Summer vacations and backyard barbecues could have you neglecting your diabetes self-management plan. Now that the cooler days of fall are here, it is time to reassess your habits for optimum health. Learn how to get back on the diabetes track after a carefree summer lifestyle.
- People with diabetes frequently experience burnout, especially those who have had the disease for years. It can become tiring, confusing and frustrating to keep up with your diabetes self-management plan. Summer adds more challenges with longer days, impromptu outdoor parties and seemingly endless food and beverages. You may start to develop poor habits. The cool days of fall can help remind you to reassess your approach.
- Create a list of the medications you take and the dosages. Schedule a routine appointment with your doctor to evaluate your current medications and diabetes self-management plan. Find out if any updates need to be made. Keep a journal of your blood sugar levels during testing and share it with your doctor. Now that summer vacations are over, schedule appointments with other doctors including an ophthalmologist, podiatrist, dentist and other health care providers based on the recommendations of your regular physician. Make sure your shots are up-to-date. Include the flu shot and pneumonia shot to ward off the chances of getting sick in the colder weather.
- Check all of your diabetes supplies to make sure everything is operational. Verify medications are up-to-date and properly dispose of expired medications. Verify important equipment such as your blood glucose meter and blood pressure monitor work well. Have extra batteries and supplies on-hand to make testing and administering medication easy. Discuss your testing and medication schedules with your physician to make updates as needed.
- During the warm weather, people may tend to get lazy. The heat outdoors could deter you from taking walks or playing sports. The cooler days of fall are an ideal time to re-establish an exercise regime. Wear a pedometer and go for a brisk walk. Try biking or enroll in a fitness class. Invest in equipment to use at home during inclement weather. It can be as simple as a couple of fitness DVDs to help you get moving. Try to fit in 30 minutes of exercise each day. Regular exercise helps control your blood sugar levels and makes it possible to maintain a healthy weight. It can also help ward off heart disease and relieve stress.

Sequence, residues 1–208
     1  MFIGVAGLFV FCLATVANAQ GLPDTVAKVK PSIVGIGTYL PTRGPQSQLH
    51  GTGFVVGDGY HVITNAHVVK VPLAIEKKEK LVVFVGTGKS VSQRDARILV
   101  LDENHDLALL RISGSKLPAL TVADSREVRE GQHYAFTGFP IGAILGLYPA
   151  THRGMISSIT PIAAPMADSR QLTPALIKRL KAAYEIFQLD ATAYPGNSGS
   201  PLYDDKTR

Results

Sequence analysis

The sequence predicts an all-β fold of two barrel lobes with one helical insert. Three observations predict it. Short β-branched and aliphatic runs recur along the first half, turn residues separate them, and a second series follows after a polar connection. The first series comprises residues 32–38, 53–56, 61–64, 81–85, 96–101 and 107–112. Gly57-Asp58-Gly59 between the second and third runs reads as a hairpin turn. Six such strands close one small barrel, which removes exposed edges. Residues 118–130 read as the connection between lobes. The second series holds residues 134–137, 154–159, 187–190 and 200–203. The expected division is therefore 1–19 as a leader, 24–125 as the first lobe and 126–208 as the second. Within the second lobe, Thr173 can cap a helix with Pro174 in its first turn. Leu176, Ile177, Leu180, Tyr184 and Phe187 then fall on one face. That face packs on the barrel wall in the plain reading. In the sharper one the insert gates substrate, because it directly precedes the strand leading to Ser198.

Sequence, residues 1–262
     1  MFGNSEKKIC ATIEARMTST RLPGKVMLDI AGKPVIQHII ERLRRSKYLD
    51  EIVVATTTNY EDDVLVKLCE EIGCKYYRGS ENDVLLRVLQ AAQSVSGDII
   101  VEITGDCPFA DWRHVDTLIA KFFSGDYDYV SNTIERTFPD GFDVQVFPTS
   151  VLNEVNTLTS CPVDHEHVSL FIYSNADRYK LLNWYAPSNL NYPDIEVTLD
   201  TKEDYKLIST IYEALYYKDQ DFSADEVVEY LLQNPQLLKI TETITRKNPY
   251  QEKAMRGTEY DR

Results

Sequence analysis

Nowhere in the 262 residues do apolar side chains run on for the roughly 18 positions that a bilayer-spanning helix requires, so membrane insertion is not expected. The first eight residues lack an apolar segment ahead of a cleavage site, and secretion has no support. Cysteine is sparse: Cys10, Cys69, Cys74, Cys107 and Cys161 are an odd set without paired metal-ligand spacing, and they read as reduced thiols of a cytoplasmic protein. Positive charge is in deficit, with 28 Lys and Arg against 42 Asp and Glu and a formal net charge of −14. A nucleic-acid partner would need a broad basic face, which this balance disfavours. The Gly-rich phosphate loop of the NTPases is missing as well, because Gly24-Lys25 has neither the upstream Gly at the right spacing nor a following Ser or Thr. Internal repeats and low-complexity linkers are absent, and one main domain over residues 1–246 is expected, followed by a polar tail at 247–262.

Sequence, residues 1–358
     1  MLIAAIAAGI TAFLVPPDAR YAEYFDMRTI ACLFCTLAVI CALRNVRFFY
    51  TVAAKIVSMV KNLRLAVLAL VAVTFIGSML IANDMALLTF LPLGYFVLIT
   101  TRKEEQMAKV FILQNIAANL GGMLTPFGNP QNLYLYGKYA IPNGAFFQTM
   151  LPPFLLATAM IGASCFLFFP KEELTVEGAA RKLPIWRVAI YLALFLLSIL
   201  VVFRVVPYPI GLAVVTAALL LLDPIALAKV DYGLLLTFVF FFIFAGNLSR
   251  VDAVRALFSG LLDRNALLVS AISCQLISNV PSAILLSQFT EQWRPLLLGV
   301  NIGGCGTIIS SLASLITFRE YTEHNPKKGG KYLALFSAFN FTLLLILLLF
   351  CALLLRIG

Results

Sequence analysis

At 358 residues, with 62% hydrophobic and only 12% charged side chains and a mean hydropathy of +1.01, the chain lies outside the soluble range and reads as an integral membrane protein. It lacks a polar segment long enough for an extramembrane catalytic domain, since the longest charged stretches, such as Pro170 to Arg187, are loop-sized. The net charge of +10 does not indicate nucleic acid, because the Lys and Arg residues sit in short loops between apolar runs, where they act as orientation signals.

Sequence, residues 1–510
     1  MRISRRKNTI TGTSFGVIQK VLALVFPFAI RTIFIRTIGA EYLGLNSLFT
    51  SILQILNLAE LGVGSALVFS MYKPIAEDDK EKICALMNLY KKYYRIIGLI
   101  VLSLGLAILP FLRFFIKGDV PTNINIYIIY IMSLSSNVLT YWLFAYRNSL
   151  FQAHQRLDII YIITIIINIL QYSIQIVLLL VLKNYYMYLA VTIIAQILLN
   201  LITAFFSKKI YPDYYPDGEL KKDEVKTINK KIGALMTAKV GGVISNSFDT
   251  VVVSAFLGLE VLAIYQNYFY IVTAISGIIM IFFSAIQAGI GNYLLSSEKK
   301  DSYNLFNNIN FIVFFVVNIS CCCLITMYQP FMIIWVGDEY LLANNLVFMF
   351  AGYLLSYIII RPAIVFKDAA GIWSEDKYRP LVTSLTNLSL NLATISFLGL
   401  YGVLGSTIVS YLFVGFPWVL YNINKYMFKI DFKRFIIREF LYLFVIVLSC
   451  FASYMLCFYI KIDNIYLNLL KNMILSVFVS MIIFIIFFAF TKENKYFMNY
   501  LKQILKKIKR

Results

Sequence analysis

- Evaluate your eating habits now that summer barbecues and cocktail parties are over. Consider portion sizes and include all the food groups in each meal. Incorporate plenty of whole grains, fresh fruits and vegetables, low-fat dairy and lean meat and fish into your daily meal plans. Stay hydrated by drinking water throughout the day. Steer clear of sugary beverages. If you are having trouble, discuss food options with your doctor or a registered dietitian.
- During summer vacations, people tend to be on-the-go. Now that you are back to business in the fall, consider how much sleep you get. Make sure to include several hours of sleep in your schedule each day. Evaluate the area where you sleep. Make necessary changes if it is too dark, too light or too noisy. Create an environment that is conducive to getting a good night’s rest. Getting enough sleep at night can help you remain more active and focused during the day.
- Take small steps for success. Keep your sneakers by the door to encourage you to take a walk. Switch to oatmeal or whole-grain cereal for breakfast rather than white bread or sweet cereals. If you feel depressed and have trouble getting back on the diabetes track, talk to your doctor about these feelings. Depression is more common in people with diabetes. Your doctor might recommend talking to a counselor or other professional to help you feel better.
The living is easy in the summer and it can also be easy to get off the diabetes management track. Review healthy habits with your health care team and re-evaluate your current diabetes self-management plan. Determine where you can make improvements for a healthier, happier fall season.
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